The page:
THURSDAY, Aug. 3, 2017 – A common problem among chronic kidney disease patients is a loss of the sense of smell, which could lead to an inadequate diet, researchers say. In turn, malnutrition in these patients can result in poor quality of life, poor overall health and even early death. But a new study found that using an inhaled asthma drug might improve the sense of smell in kidney failure patients. "Our ultimate goal is to have an intervention that can alleviate smell loss, and thus to improve the kidney patients' nutritional status," study co-leader Dr. Sagar Nigwekar said in a news release from the American Society of Nephrology. The study included 36 patients with chronic kidney disease, 100 with kidney failure and 25 with normal kidney function. Average scores on odor identification tests were about 76 percent among the kidney disease patients, 67 percent for those with kidney ... Read more

Related support groups: Renal Failure, Chronic Kidney Disease, Theolair, Hyperphosphatemia of Renal Failure

Are Doctors Discarding Donor Kidneys That Could Save Lives?

Posted 7 Jul 2017 by Drugs.com

THURSDAY, July 6, 2017 – U.S. doctors are discarding donated kidneys that could keep people alive for years, simply because the organs are not top-quality, a new study claims. "Suboptimal" kidneys from older donors with health problems perform much better than expected, and would preserve a patient's life much longer than dialysis, said lead researcher Dr. Sumit Mohan, an assistant professor at Columbia University's Mailman School of Public Health. About 73 percent of lower-quality kidneys received by Columbia patients were still functioning five years after transplant, Mohan and his colleagues found. "To our surprise, yes, they did worse than the best-quality kidneys, but they didn't do that poorly," Mohan said. By comparison, the five-year survival rate for kidney patients on dialysis is about 35 percent, Mohan said. "If I don't get a kidney, my alternative is to stay on dialysis," ... Read more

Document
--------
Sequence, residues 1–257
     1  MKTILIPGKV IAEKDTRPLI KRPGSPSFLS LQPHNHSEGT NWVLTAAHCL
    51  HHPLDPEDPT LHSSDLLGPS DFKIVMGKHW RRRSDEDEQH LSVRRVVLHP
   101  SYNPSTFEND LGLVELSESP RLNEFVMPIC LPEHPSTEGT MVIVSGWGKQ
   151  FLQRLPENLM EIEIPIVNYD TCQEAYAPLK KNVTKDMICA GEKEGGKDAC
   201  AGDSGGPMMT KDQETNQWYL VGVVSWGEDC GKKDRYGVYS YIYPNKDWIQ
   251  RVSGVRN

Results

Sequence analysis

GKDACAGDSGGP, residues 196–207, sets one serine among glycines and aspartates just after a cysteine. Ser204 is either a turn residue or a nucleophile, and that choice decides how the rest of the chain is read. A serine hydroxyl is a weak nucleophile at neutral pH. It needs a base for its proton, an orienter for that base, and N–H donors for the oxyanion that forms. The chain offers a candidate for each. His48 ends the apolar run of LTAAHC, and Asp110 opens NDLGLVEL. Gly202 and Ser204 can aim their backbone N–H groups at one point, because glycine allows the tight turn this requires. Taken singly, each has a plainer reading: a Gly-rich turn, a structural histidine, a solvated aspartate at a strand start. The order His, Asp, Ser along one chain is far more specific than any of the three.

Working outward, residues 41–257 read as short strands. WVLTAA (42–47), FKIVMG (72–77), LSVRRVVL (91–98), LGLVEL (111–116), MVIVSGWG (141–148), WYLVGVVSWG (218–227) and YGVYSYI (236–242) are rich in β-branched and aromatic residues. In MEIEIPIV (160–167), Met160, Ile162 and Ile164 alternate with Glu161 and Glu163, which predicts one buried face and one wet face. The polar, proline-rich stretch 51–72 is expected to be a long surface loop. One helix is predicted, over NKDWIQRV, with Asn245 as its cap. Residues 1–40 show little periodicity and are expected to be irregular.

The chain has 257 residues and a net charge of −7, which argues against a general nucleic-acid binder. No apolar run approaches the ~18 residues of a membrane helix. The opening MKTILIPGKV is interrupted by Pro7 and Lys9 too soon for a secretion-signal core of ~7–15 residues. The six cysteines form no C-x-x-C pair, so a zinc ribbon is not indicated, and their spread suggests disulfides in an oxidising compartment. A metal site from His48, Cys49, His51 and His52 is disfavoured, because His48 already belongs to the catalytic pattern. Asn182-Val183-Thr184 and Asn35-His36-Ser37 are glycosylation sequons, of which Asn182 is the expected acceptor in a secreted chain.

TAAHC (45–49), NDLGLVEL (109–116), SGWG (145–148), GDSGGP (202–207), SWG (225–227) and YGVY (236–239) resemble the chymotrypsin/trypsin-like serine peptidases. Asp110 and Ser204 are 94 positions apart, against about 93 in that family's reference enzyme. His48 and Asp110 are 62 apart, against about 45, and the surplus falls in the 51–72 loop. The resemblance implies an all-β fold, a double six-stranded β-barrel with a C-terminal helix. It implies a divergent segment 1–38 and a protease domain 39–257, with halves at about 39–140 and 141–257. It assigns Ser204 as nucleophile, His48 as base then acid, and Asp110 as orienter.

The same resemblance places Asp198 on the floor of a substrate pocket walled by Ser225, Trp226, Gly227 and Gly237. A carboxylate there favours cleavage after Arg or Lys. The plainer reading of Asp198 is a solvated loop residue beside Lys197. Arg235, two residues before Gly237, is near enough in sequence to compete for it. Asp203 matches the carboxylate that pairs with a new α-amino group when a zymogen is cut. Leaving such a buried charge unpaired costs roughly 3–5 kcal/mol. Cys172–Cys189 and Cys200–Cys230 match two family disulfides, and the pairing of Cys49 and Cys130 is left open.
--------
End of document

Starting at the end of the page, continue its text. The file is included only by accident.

Related support groups: Renal Failure, Renal Transplant, Chronic Kidney Disease, Peritoneal dialysis, Organ Transplant, Kidney Transplant, Organ Transplant - Rejection Reversal, Nephropathy, Rejection Reversal, Rejection Prophylaxis, Renal and Genitourinary Disorders, Hyperphosphatemia of Renal Failure

1 in 7 Americans Has Kidney Disease: CDC

Posted 9 Jun 2017 by Drugs.com